‘different ships, different long splices’: meaning and origin

The nautical phrase different ships, different long splices 1, and its variants, are used figuratively to mean that different countries (or cities, spheres of activity, etc.) have different customs or practices.
—Cf. also different strokes for different folks.

1 The nautical term long splice denotes a splice in which the ends of two ropes are interwoven in such a way that the point of joining and the ropes are of equal thickness.

These are, in chronological order, the earliest occurrences of the phrase different ships, different long splices, and variants, that I have found:

1-: From At Sea with Joseph Conrad 2 (Boston and New York: Houghton Mifflin Company, 1922), by the Royal-Navy officer John Georgeson Sutherland (1871–?)—the author writes that the British naval officers, although delighted with the prompt appearance of U.S. destroyers in European waters after the United States had declared war on Germany, were surprised by the lack of formality on the U.S. vessels:

Another commander had just completed adjusting the compass of an American destroyer when he politely asked the lieutenant in charge if he would kindly lend him a pair of binoculars. The lieutenant shouted down the forward hatchway, “Anybody down there?” Back came the answer, “Yep.” “Well, say,” continued the lieutenant, “one of you go down to my cabin and in the middle drawer on the right-hand side you will find a pair of binoculars; bring ’em right along”; the reply to which was, “It shall be done just exactly as you say, lieut.” One can imagine the difference on board a British warship, where a bluejacket would have bounced up a ladder two steps at a time and on reaching the top would have sprung smartly to attention, saluted, and with an “Aye, aye, sir,” carried out his instructions. There’s an old saying, “Different ships, different long splices,” and I suppose it is the same with nationalities, “Different countries, different customs.”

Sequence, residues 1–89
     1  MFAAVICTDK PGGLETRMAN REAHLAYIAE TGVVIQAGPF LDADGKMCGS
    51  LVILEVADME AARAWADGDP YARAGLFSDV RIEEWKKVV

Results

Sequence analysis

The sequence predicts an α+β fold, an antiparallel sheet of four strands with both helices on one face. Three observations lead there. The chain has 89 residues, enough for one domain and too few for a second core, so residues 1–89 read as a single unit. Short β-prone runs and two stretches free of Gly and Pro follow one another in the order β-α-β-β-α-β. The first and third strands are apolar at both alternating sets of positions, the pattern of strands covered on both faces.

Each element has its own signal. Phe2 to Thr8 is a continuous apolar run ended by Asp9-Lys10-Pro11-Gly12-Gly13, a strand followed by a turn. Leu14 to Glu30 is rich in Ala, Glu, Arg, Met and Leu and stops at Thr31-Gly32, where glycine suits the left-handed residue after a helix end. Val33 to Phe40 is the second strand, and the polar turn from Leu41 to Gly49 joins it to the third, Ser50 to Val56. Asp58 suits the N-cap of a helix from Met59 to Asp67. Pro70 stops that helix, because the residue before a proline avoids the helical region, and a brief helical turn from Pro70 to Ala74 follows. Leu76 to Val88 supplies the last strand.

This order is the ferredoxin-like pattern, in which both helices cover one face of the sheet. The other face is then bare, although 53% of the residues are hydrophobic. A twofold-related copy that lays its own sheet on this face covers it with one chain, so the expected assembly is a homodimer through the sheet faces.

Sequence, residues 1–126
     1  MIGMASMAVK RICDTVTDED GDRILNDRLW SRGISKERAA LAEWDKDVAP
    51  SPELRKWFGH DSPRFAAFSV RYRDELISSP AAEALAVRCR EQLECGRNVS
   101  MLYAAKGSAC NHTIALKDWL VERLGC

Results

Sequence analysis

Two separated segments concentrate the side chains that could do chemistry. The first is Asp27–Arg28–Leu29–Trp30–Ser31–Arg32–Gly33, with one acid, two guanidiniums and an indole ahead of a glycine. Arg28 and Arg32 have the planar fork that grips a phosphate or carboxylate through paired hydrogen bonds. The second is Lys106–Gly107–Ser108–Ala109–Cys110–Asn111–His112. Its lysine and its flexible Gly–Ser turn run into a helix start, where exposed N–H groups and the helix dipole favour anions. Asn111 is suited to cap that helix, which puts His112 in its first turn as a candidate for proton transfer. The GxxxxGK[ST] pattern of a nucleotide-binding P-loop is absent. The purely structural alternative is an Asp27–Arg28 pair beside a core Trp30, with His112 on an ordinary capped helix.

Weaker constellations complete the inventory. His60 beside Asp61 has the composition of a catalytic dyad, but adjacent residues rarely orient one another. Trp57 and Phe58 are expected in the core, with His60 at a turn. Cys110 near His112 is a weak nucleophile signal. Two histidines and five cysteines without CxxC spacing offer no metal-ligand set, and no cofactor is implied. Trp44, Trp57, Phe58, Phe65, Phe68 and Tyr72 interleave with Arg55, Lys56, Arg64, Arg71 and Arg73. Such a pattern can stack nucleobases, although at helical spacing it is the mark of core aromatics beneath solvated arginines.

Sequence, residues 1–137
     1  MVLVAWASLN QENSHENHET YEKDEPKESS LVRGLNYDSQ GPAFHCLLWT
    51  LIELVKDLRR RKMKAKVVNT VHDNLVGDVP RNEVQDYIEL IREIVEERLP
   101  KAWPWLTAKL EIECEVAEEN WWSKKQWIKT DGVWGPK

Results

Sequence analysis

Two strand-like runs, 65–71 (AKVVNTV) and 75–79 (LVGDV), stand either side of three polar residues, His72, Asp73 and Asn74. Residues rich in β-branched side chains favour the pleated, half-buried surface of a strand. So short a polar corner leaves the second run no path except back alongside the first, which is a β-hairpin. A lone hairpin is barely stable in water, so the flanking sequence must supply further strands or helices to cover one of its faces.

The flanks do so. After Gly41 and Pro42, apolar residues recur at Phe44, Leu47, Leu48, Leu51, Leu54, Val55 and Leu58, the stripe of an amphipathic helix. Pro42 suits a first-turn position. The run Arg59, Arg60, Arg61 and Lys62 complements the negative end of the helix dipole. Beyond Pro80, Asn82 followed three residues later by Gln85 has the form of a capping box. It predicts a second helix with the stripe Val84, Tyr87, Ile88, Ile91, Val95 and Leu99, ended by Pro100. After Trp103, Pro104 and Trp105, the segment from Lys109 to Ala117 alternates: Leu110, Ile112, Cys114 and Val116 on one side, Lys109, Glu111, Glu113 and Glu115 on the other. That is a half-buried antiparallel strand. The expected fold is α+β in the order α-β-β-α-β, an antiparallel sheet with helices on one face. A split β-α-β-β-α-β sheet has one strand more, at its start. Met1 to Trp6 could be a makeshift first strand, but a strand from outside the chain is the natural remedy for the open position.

2 During the First World War, John Georgeson Sutherland was the captain of the Q-ship Ready, in which the Polish-born British novelist Joseph Conrad (Józef Teodor Konrad Korzeniowski – 1857-1924) made a perilous ten-day voyage in November 1916. Sutherland capitalised on Conrad’s fame by spinning out the experience in At Sea with Joseph Conrad.

2-: From The China Express and Telegraph (London, England) of Thursday 24th July 1924:


Admiral Sir Arthur Leveson, K.C.B., Commander-in-Chief of the British China Station, was the guest of honour at an Anglo-American Association’s tiffin at the Grand Hotel des Wagon-Lits, Peking, on May 23 […]. Admiral Leveson said he should like to congratulate the civilians on what he had seen out here in the way of the advancement of civilisation and the significant work that all the various civil elements were carrying out under difficult circumstances all over the Far East. One of the impressions he had was significant—shipping—the size of the vessels of all sorts and of all nations and their numbers. Wherever one went there he saw numbers of these great vessels, and in no other part of the world were so many ships of such size and efficiency to be seen.
Another thing which Admiral Leveson said had impressed him a good deal was the way in which tropical races out here were being administered by the more civilised peoples, as in the case of the Dutch in Java, the French in Annam, the British in Malaya, the Americans in the Philippines. He thought it was perfectly wonderful to see all these different nationalities handling the situation in the way they were handling it. There was an old nautical adage that “different ships have different long splices, but the splice holds nevertheless.”

3-: From the Tampa Morning Tribune (Tampa, Florida, USA) of Thursday 9th February 1928:

Henry Ford Takes Ride in Millionth Flivver